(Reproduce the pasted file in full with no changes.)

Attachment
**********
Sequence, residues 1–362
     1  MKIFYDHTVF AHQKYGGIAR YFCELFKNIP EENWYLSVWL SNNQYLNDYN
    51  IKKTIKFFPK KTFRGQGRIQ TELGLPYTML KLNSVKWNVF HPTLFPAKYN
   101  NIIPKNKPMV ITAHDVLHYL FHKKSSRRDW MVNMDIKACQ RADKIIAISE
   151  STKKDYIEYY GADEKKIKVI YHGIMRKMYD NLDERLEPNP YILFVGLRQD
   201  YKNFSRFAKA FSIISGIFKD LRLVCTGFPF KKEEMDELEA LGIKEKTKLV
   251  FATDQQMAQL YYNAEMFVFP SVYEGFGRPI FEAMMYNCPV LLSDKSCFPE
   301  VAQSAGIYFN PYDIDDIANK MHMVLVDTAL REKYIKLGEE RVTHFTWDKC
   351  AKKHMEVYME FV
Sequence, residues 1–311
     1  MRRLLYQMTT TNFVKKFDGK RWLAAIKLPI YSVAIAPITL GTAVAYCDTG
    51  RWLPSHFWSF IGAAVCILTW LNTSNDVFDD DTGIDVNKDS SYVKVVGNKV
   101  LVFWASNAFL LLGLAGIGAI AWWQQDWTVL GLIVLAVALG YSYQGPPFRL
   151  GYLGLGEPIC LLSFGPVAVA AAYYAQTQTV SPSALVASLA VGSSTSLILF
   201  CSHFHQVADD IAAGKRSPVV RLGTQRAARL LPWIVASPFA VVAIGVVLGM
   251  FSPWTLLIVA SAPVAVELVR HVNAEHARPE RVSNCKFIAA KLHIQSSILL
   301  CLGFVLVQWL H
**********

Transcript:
Sequence, residues 1–362
     1  MKIFYDHTVF AHQKYGGIAR YFCELFKNIP EENWYLSVWL SNNQYLNDYN
    51  IKKTIKFFPK KTFRGQGRIQ TELGLPYTML KLNSVKWNVF HPTLFPAKYN
   101  NIIPKNKPMV ITAHDVLHYL FHKKSSRRDW MVNMDIKACQ RADKIIAISE
   151  STKKDYIEYY GADEKKIKVI YHGIMRKMYD NLDERLEPNP YILFVGLRQD
   201  YKNFSRFAKA FSIISGIFKD LRLVCTGFPF KKEEMDELEA LGIKEKTKLV
   251  FATDQQMAQL YYNAEMFVFP SVYEGFGRPI FEAMMYNCPV LLSDKSCFPE
   301  VAQSAGIYFN PYDIDDIANK MHMVLVDTAL REKYIKLGEE RVTHFTWDKC
   351  AKKHMEVYME FV
Sequence, residues 1–311
     1  MRRLLYQMTT TNFVKKFDGK RWLAAIKLPI YSVAIAPITL GTAVAYCDTG
    51  RWLPSHFWSF IGAAVCILTW LNTSNDVFDD DTGIDVNKDS SYVKVVGNKV
   101  LVFWASNAFL LLGLAGIGAI AWWQQDWTVL GLIVLAVALG YSYQGPPFRL
   151  GYLGLGEPIC LLSFGPVAVA AAYYAQTQTV SPSALVASLA VGSSTSLILF
   201  CSHFHQVADD IAAGKRSPVV RLGTQRAARL LPWIVASPFA VVAIGVVLGM
   251  FSPWTLLIVA SAPVAVELVR HVNAEHARPE RVSNCKFIAA KLHIQSSILL
   301  CLGFVLVQWL H